It was only a smile, nothing more. It didn't make everything all right. It didn't make ANYTHING all right. Only a smile. A tiny thing. A leaf in the woods, shaking in the wake of a startled bird's flight. But I'll take it. With open arms. Because when spring comes, it melts the snow one flake at a time, and maybe I just witnessed the first flake melting.
Khaled Hosseini, The Kite Runner
Purly composite image. Combination of my laziness + imagination + boredom + dream + timer from #googlepixel + editing software. And this is the result.
Dreaming of several things when I was just supposed to write thesis.
1 2432 minutes ago
Scared yet confident, here we were at the Kanyakumari Pier for a thrilling off-roading experience.. 😉
Have you ever experienced something similar in your life?? P.C @pahulpsg
345/365 "Happiness is a mysterious thing, to be found somewhere between too little and too much. But it is as elusive as a butterfly, and we must never pursue it. If we stay very still, it may come and settle on our hand. But only briefly. We must savour those moments, for they will not come our way very often." Sunlight playing around in my room.
Summer 2019. Bangalore.
I spent my Sunday chilling in Sultanpur National Park near Gurgaon early in the morning. @whereswarikoo and I had hoped to catch some flamingos but it seemed like they flaminwent (😂) . But I did get to catch several sights of this magical Grey-headed Swamphen. The colours on it are just so surreal I couldn't keep my eyes off it. Apart from that, we saw a bunch of other migratory and resident birds most of which we had already seen at Bharatpur Bird Sanctuary. I'm not going to lie, it felt like an achievement when I could spot and identify these tens of different bird species. I have to say, this birdwatching thing is really getting to me and I'm loving it!
You can reach Sultanpur National Park by driving till there. It's just about 15 kilometres from Gurgaon, and makes for the perfect day trip. Tickets cost just 5 rupees per person and the Park is relatively smaller (3.5 kilometres' nature trail) so you won't have to spend a lot of time, and can cover the entirety of it on foot!
Here's a checklist of some birds you can look out for:
Little black comorant
There's just so so so many other birds there that I'll run out of space. But you can get a checklist from me through my upcoming photoblog about the birds of Bharatpur Bird Sanctuary. It's going to up very very soon. You can go subscribe to my blog or DM me your WhatsApp number or email address and I'll make sure I keep you updated!
Pictured here: A flock of Eurasian Coots with an Indian Spotted Billed Duck
Life is short and the older you get, the more you feel it. Indeed, the shorter it is. People lose their capacity to walk, run, travel, think and experience life. I realise how important it is to use the time I have. .
Paradise isn't a place, it's a feeling! I have never been a fast walker, or a conqueror of mountain peaks, but I can plod along for miles. And that's what I've been doing all my life—plodding along, singing my song, telling my tales in my own unhurried way.
I have lived life at my own gentle pace, and if as a result I have failed to get to the top of the mountain (or of anything else), it doesn't matter, the long walk has brought its own sweet rewards; buttercups and butterflies along the way.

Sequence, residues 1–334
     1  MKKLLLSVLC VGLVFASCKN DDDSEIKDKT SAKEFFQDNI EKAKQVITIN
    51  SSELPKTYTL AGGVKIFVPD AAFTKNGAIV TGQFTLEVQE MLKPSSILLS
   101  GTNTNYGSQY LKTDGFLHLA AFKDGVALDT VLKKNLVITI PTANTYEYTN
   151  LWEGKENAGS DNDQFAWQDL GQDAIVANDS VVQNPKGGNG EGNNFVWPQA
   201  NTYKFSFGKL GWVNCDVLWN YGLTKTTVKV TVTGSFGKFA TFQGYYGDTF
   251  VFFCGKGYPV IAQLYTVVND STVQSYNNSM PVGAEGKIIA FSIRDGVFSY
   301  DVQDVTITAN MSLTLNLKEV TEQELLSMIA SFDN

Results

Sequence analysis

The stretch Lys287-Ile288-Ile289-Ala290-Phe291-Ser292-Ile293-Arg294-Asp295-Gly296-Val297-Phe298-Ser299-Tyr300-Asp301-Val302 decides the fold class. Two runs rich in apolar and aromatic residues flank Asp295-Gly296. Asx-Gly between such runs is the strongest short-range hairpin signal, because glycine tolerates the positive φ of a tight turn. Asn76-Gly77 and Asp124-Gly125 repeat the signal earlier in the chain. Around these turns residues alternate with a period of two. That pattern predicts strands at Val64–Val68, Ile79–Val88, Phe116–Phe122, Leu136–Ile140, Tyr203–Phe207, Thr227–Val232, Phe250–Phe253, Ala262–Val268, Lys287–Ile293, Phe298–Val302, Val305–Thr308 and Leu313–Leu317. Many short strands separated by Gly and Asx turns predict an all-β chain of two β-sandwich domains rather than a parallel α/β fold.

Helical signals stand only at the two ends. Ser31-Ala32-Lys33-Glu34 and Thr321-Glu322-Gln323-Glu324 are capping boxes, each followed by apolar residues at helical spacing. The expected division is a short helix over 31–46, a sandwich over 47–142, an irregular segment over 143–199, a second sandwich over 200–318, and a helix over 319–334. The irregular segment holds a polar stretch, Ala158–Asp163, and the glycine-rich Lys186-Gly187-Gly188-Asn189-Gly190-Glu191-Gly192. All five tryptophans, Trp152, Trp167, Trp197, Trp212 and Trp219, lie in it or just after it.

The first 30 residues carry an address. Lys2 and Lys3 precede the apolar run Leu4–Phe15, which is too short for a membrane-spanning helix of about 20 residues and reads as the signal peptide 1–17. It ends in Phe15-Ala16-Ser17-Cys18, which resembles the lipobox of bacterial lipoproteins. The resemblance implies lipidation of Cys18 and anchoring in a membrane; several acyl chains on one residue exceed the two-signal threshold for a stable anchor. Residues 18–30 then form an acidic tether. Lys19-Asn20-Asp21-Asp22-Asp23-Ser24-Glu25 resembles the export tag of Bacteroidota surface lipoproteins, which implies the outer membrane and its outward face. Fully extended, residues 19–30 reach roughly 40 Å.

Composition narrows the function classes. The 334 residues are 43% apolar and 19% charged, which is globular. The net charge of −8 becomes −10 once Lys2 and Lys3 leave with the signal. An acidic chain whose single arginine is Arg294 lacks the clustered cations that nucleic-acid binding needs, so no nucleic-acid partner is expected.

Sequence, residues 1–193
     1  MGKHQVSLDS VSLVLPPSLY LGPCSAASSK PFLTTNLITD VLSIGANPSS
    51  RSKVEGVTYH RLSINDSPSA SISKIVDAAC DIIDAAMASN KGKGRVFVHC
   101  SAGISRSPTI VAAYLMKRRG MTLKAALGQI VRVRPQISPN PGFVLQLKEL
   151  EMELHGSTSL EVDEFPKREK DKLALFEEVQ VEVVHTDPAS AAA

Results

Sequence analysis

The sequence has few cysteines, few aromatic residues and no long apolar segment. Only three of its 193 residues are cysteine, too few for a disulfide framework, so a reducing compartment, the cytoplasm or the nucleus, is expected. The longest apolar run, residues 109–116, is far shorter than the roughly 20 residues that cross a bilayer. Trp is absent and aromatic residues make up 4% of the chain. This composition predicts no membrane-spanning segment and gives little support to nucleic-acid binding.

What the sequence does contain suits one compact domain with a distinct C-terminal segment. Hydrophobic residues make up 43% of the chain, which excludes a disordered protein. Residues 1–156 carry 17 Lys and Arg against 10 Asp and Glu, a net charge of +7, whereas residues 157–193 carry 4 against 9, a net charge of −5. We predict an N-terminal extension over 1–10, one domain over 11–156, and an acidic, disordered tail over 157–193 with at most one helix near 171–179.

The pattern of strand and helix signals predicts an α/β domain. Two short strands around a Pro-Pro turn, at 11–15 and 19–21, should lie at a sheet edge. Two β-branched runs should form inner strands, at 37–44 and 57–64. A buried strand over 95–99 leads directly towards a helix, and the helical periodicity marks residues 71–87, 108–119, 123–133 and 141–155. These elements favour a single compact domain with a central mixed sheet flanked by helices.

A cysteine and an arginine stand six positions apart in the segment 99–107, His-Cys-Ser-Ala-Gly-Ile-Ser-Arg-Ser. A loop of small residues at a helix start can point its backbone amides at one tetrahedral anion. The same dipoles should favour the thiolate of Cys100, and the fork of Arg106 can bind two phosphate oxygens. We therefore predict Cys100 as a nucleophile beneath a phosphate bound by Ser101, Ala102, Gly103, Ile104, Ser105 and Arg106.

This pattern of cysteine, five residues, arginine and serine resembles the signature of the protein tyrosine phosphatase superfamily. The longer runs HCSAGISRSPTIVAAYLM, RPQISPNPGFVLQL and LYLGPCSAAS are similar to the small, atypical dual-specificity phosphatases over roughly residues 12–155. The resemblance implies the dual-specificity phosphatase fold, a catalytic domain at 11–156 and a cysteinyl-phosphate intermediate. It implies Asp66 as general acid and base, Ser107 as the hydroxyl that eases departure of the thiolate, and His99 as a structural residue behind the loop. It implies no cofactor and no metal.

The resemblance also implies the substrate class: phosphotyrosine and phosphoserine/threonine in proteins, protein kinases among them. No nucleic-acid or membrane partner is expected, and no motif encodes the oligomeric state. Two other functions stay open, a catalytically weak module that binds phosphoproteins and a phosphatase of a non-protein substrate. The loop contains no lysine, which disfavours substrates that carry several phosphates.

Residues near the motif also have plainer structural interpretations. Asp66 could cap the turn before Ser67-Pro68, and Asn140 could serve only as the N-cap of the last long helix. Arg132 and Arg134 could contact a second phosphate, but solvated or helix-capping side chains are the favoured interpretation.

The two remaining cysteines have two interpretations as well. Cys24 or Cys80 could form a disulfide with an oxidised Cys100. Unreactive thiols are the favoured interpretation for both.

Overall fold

P.S. Take all the chances with the risk of making scars, that's how you grow!
54 2,83423 March, 2019
This is me being awkward af, wondering what on earth I’m supposed to do in front of the camera NOW, and somehow, @bhoopadam managed to make me look good 😁
I went to Kannur for the Theyyam festival.
Theyyam is INTENSE. You might have seen some parts of the performance and a few images of the dancers on my stories. I can’t replicate the feeling you get, though, when the Theyyam dancer suddenly transforms from being a ‘dancer’ into an avatar of the ‘Deva’.
I was standing right behind the dancer when I visited the temple the first time. I saw him getting ready. His face was painted, the headdress was tied on, he donned a voluminous skirt. His foot started tapping impatiently, like he couldn’t wait for the ceremonies to start. His calm demeanour changed to brusque within seconds, and he started jerking his hands and his head, waving off the people around who were trying to help him get ready. Someone handed him a mirror. One look into it, and his expression changed. His eyes widened, like he couldn’t believe what he was seeing, and in a split second, he THREW the mirror into the air and raced onto the ceremony floor.
Almost like he was possessed.
I saw it happen. And I was shaken, because he was the epitome of calm for the first hour, and he transformed into someone else in the last 2 minutes. I don’t know how to explain what I saw. Maybe it was a performance, which is what I’d like to believe. But it was intense. The transformation was intense, and so was the performance that followed.
The ‘theyyam’ has to be kept under control by the temple priests around him. He would toss the fire, and the priests would hurry around putting it back together. He would run through it, and the priests would have to hold him back. To make sure he didn’t burn himself, I suppose. Fast, aggressive movements coupled with deep exclamations.. Everyone watching was hooked. Hypnotised.
Towards the end, the Theyyam calmed down, and went around blessing the people. He was offered food, and slowly, you could see the ‘dancer’ return. I think it was at this point that I remember to breathe again. So I ntense.
Oh, and this gorgeous passage can be found at St. Angelo’s Fort in Kannur 😁